The report found that 40% of HUD-assisted renters had an excessive rent burden.
Although renters in HUD-assisted housing typically have their rent set at 30% of their income because of their housing assistance, many were paying more than this. Paying more than 40% of your income is excessive rent burden, according to HUD. The report found that 40% of HUD-assisted renters had an excessive rent burden. Although this seems high, 63% of VLI renters without housing assistance had an excessive rent burden.
HUD points out that some PHAs have adopted minimum rents that may increase some tenants’ rent burden. Also, tenants in the voucher program are allowed to rent more expensive units if they cover the additional cost themselves.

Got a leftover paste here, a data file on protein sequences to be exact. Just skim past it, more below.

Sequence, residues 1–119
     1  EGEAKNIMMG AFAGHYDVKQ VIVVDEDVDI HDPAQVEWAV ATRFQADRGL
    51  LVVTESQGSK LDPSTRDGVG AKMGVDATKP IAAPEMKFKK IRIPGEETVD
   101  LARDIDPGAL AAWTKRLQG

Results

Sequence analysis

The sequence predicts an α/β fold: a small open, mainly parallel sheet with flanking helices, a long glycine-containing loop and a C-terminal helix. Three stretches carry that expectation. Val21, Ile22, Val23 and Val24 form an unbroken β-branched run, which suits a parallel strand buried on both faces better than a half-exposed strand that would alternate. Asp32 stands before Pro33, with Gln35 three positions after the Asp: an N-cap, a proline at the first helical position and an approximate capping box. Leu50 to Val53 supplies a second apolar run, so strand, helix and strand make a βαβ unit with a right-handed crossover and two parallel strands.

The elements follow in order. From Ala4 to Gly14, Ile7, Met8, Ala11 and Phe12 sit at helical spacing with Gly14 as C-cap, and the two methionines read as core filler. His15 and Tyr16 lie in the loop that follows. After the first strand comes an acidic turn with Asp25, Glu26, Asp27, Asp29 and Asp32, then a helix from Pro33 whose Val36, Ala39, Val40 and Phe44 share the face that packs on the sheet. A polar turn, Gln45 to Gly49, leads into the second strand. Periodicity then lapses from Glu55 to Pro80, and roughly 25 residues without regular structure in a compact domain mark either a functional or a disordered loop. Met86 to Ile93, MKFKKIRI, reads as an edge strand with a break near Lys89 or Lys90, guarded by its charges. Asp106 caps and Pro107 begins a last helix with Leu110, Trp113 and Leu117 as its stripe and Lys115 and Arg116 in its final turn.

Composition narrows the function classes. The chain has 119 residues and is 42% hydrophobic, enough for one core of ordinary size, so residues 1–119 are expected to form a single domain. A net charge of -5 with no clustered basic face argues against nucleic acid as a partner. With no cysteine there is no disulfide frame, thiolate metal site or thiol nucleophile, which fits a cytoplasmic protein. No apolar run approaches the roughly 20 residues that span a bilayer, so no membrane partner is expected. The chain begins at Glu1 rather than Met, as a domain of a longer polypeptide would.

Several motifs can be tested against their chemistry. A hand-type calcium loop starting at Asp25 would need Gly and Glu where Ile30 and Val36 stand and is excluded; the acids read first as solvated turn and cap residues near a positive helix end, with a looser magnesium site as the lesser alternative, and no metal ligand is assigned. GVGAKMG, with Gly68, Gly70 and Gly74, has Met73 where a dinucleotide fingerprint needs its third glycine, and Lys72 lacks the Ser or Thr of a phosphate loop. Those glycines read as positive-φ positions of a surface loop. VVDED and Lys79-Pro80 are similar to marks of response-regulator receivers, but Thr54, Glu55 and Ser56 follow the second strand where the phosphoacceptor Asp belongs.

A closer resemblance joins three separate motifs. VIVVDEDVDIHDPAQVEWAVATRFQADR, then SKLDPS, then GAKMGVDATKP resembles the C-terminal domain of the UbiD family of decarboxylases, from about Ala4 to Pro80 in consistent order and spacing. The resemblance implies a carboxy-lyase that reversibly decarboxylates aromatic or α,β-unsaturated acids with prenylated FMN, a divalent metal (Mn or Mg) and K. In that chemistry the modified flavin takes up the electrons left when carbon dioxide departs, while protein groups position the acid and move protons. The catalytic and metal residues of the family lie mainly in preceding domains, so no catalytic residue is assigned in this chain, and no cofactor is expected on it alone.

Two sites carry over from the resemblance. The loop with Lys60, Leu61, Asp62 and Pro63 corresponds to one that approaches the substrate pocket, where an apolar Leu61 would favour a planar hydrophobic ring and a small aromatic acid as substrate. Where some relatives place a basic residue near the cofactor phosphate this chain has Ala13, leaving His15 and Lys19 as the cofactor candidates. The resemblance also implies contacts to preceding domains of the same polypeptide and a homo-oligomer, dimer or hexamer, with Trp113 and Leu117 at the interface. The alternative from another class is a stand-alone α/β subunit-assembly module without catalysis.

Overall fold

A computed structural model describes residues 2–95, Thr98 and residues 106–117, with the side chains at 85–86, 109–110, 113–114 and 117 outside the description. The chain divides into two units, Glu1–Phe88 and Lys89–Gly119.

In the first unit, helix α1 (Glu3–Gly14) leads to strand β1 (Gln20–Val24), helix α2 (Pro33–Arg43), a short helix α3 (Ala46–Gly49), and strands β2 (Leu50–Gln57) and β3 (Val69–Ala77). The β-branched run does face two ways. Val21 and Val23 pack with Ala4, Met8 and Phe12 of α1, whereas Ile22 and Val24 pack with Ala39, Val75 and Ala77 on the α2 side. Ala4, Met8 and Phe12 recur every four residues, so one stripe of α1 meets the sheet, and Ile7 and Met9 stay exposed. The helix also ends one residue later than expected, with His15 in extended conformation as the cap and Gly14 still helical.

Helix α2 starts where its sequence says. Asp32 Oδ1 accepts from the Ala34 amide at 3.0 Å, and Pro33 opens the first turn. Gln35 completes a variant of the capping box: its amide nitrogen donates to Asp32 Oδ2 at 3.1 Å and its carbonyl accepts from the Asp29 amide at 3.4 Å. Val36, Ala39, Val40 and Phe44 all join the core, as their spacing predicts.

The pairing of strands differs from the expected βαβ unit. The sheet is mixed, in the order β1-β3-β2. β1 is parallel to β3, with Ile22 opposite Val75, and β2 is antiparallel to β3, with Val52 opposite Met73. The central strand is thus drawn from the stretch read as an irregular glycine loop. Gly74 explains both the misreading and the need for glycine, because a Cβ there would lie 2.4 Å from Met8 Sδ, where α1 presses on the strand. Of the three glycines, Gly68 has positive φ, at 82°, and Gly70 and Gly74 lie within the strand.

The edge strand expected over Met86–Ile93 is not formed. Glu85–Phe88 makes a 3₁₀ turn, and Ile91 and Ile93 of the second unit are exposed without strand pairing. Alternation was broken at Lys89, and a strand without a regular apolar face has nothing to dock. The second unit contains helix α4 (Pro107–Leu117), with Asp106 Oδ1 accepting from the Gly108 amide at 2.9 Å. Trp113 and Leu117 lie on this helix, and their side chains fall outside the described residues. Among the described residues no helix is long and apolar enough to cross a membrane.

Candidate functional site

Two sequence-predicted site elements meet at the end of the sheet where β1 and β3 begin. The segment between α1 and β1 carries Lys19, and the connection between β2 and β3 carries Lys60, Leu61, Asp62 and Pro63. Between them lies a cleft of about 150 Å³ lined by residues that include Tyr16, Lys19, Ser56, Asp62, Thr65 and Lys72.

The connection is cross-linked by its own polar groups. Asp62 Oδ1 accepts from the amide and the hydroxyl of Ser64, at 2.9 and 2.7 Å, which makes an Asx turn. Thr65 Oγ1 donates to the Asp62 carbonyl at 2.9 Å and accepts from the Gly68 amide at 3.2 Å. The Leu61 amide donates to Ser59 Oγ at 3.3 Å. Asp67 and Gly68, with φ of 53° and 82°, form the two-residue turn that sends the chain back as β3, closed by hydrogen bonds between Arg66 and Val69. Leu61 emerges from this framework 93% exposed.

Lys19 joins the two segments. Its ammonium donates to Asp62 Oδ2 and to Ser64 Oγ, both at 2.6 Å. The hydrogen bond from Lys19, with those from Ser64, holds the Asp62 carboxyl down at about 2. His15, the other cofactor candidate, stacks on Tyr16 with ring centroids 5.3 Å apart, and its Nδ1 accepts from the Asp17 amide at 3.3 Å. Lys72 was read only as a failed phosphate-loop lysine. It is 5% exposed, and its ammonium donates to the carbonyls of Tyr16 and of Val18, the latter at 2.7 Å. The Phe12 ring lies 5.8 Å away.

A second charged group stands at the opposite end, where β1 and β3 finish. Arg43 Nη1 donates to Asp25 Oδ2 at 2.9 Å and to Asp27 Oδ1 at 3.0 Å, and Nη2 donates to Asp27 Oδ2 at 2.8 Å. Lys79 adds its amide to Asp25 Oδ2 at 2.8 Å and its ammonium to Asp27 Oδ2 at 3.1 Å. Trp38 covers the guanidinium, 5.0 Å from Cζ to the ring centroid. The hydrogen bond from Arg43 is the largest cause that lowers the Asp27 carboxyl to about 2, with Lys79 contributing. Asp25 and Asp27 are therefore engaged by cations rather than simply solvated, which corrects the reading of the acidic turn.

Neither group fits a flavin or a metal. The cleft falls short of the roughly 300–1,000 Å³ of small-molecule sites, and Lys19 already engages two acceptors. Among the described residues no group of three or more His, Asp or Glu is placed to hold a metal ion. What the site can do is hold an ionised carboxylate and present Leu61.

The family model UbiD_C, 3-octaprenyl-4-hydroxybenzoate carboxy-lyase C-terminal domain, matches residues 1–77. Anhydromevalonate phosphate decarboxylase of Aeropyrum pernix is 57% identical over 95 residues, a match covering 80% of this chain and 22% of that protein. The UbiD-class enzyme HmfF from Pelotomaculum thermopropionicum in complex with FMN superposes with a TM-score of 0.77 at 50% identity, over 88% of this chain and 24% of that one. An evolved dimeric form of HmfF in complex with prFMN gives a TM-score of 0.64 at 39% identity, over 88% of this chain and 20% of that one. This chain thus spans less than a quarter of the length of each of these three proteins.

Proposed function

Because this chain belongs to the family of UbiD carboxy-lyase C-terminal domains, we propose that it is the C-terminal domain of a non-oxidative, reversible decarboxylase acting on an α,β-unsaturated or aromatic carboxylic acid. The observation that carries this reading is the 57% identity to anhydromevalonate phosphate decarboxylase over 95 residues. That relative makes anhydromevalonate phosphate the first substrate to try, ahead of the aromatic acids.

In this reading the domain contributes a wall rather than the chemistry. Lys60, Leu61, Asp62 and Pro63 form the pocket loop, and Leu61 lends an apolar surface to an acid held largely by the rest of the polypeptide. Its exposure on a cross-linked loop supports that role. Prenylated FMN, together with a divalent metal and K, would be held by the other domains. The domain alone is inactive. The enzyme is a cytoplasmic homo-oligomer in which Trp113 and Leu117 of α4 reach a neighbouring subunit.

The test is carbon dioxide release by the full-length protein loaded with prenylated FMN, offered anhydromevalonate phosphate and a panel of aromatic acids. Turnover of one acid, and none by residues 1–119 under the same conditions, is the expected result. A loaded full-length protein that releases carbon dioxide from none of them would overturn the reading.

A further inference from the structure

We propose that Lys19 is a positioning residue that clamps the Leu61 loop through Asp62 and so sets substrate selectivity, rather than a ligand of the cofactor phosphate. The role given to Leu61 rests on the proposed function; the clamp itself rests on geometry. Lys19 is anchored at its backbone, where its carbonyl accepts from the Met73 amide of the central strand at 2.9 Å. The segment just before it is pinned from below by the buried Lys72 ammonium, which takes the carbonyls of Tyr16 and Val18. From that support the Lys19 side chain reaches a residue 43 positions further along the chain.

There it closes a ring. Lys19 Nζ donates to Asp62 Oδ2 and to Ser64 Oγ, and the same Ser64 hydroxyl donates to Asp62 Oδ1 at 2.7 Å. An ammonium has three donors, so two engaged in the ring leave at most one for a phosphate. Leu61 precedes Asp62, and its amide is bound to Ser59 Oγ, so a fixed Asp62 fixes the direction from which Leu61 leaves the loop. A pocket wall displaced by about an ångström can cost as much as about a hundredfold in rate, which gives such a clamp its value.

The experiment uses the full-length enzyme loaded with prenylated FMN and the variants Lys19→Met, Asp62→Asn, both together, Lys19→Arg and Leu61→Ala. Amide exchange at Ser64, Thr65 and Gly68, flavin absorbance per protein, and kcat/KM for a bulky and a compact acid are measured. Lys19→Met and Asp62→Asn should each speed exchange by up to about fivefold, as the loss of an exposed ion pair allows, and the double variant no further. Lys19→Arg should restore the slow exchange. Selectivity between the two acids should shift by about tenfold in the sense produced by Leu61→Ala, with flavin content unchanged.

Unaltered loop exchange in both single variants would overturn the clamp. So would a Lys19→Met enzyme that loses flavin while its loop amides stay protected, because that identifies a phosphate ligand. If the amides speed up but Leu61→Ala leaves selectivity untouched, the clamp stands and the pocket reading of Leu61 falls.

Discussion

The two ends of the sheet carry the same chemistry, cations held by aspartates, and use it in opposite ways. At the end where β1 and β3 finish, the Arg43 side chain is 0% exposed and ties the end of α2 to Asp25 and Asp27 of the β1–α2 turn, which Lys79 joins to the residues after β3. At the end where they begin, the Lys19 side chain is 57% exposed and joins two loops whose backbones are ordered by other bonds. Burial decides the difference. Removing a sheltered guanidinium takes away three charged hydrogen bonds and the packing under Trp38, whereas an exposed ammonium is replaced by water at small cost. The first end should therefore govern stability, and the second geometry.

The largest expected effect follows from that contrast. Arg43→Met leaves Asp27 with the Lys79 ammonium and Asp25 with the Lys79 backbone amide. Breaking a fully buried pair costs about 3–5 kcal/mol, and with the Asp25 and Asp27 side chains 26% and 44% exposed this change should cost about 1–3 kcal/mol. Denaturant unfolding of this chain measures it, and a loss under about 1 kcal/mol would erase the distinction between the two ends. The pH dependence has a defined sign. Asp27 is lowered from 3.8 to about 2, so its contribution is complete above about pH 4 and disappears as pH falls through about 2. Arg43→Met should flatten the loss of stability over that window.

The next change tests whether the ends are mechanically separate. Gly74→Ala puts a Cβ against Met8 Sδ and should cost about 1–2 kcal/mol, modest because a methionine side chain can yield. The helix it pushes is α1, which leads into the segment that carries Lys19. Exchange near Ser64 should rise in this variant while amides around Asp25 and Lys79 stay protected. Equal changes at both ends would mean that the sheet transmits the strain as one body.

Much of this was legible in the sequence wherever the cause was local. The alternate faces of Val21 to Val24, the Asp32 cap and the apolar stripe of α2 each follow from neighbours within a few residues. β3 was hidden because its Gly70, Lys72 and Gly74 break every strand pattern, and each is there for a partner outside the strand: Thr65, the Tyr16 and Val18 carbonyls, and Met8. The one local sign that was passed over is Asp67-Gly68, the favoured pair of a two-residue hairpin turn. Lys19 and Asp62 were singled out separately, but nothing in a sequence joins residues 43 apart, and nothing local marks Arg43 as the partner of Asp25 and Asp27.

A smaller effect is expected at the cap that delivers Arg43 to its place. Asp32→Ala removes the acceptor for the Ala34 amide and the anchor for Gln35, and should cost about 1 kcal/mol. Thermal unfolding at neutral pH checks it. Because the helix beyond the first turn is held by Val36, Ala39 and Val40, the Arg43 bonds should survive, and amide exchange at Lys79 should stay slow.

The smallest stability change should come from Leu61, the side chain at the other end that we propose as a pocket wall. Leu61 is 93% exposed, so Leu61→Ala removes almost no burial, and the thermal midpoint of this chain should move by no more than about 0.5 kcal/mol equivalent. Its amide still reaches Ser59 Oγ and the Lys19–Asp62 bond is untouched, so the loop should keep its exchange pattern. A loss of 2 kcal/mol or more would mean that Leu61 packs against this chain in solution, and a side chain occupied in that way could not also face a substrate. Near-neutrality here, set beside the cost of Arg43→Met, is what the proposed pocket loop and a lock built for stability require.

According to the report, HUD-assisted tenants are mostly satisfied with their apartments and their neighborhoods. A higher percentage of tenants in HUD-assisted housing gave their units the highest ratings than unassisted VLI households and all renters. When recent movers were asked to compare their new apartment and neighborhood to their old one, those moving into HUD-assisted housing were more likely to rate it as better than their old one.
Congress has never appropriated enough money to provide rental assistance to all the households who qualify. This report shows the funds available are at least serving the most vulnerable people with the greatest needs.